Phenology Journal: Early Winter

December 1 – 10

When sunset reaches its earliest time of the year, the brittle leaves of the pear trees fall. This is the time during which the second bloom of forsythia flowering ends, when witch hazel blossoms wither, and the last of the beeches, the willows, osage and oaks come down.IMG_0595

The corn and soybean harvests are usually complete all around the country, and development of winter wheat slows in the cold. New garlic shoots are firm and green, but they have stopped growing and remain at their late-autumn height. The Christmas tree harvest has begun, and the last poinsettias have come north.

Even though this is one more time of endings, it is not a time of stasis. Spruces grow fresh needles. Caraway and henbit sometimes flower in the sun, and a dandelion or a periwinkle opens in fields and lawns. Fresh chickweed, which sprouted at the end of the summer, blossoms. Catnip sometimes grows back beside thistle, moneywort, chickweed, wild geranium, leafcup, henbit and yarrow.

In greenhouses and sunrooms, tomatoes sown in July ripen in spite of cold and snow. Marigolds, zinnias, impatiens and other bedding plants saved from the cold may still be flowering. The first buds have formed on mother-of-millions. Yellow and pink hibiscus flowers open before dawn, fading and falling by three in the afternoon.

 

December 11 – 20

As early winter settles in across the center of the Northern Hemisphere, the colors of the newly revealed landscape catch the eye more easily. Hawthorn berries, holly berries and rose hips stand out now. Brown-barked river birches, white birches and sycamores contrast with the black trunks of oaks and elms.IMG_0599

Red-twigged dogwoods shine against the snow. Raspberries keep some purple to their leaves. Coralberries still hold their magenta. Japanese honeysuckle, like the pines, spruce and juniper, is still green. All the bittersweet hulls have fallen from their vines, but many of the orange berries remain attached.

The clear springs that wander through the river bottoms are streaked with cress, ragwort and buttercup foliage, oases of summer, almost never overcome by winter. Now barberry shows off its scarlet berries better than at any other time of year. Blood-red staghorns remain on the sumacs. In the garden, hardy flowering cabbage and kale show off their rainbows under clouds or sun.

Without snow and ice, the leaves dapple the ground with brindle chromatics, bronze, cinnamon, hazel, fawn, chocolate. The champagne seed heads of the goldenrod and ironweed, the soft russet of the knotweed foliage, dead but hanging to its stubborn six-foot stalks, are set against the dove-colored sky, perfectly imaged in the gloss of the quiet river that inverts and so compounds their glory.

 

December 21 – 31

As daylight starts to increase after solstice, spring is waiting: new daffodil and tulip leaves lie just below the surface of the mulch, and the tips of crocus crouch in their beds.IMG_0614 Dock, leafcup, buttercup, mint, ragwort, sweet rocket, plantain, thistles, great mullein, moneywort, red clover, celandine, forget-me-not, wild onion, henbit, and ground ivy foliage push every-so-gradually toward March.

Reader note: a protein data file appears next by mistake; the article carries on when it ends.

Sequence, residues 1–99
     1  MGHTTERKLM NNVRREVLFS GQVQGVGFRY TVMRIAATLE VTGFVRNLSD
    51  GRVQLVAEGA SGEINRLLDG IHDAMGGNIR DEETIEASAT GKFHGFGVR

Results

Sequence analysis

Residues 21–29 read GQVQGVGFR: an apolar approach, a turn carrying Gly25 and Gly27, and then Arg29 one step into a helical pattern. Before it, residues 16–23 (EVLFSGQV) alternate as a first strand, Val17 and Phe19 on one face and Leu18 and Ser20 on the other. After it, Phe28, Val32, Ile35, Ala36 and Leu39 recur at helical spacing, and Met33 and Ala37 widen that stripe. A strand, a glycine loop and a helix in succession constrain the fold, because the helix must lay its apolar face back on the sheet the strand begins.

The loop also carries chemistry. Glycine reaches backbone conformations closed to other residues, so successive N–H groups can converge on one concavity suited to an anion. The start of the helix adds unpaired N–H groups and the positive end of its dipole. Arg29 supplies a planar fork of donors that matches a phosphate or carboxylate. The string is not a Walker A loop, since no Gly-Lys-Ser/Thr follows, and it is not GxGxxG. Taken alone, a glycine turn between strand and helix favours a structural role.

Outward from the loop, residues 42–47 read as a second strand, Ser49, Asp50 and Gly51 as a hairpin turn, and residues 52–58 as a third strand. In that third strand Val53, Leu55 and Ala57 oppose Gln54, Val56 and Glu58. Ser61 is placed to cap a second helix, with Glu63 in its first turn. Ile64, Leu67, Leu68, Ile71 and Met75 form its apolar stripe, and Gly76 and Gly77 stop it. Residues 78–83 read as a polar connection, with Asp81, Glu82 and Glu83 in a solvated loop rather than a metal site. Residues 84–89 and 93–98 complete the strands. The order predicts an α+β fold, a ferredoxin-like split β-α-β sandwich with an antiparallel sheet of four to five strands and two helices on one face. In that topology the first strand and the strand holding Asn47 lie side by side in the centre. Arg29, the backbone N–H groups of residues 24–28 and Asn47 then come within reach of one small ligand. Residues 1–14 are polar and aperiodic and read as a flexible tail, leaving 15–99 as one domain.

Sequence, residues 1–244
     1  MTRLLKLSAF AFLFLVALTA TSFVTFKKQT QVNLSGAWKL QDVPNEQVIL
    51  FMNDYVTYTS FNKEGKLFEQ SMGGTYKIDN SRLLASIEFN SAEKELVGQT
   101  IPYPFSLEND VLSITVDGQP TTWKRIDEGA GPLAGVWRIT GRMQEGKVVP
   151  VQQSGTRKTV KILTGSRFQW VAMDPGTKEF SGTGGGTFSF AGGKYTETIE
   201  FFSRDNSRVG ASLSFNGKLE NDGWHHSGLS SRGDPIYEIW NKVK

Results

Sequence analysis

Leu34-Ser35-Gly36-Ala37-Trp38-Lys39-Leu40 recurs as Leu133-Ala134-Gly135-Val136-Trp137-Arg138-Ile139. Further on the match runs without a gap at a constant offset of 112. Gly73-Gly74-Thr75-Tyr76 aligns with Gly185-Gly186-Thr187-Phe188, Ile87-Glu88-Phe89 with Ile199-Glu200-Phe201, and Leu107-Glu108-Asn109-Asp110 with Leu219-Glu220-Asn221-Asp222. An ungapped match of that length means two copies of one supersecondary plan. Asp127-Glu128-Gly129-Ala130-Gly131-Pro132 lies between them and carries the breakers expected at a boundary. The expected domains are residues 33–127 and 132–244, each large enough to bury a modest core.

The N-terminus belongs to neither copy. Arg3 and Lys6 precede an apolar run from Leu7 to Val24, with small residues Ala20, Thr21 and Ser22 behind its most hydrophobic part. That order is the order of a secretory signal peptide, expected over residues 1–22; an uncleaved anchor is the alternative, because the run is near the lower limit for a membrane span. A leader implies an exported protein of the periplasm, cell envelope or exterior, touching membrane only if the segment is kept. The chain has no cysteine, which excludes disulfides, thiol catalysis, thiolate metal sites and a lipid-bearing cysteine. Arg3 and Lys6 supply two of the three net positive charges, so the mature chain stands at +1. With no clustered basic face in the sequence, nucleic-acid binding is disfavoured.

Deep in the woods, the earthstar fungus appears, shaped like a six-pointed star. White-tailed bucks in gray winter coats drop their antlers. Multiflora rose buds swell in the sun. Precocious pussy willow catkins crack in the thaws. In warmer microclimates, moss can be long and flushed.

Sometimes a fat camel cricket emerges in your kitchen at night, searching for sustenance. In the warmth of greenhouses, bedding plant seeding is fully underway, and young plants scheduled to be sold in April and May can have four to six leaves by now. On farms, expectant ewes, does and cows quietly nurture their babies to be born in early spring. In the chicken house, pullets which will    produce summer eggs are hatching.

 

 

Published by Bill Felker

Bill Felker has been writing nature columns and almanacs for regional and national publications since 1984. His Poor Will’s Almanack appeared as an annual publication every year between 2003 and 2012, and his weekly radio essays are broadcast on National Public Radio’s WYSO from Yellow Springs, Ohio. His organization of weather patterns and phenology (what happens when in nature) offers a unique structure for understanding the repeating rhythms of the year. Exploring everything from animal husbandry to phenology, Felker has become well known to farmers as well as urban readers throughout the country. He is an occasional speaker on the environment at nature centers, churches and universities, and he has presented papers related to almanacking at academic conferences, as well. Felker has received three awards for his almanac writing from the Ohio Newspaper Association. "Better writing cannot be found in America's biggest papers," stated the judge on the occasion of Felker’s award in 2000. Currently, Bill Felker lives in Yellow Springs, Ohio. He has two daughters, Jeni, who is a psychologist in Portland, Oregon, and Neysa, a photographer in Spoleto, Italy.

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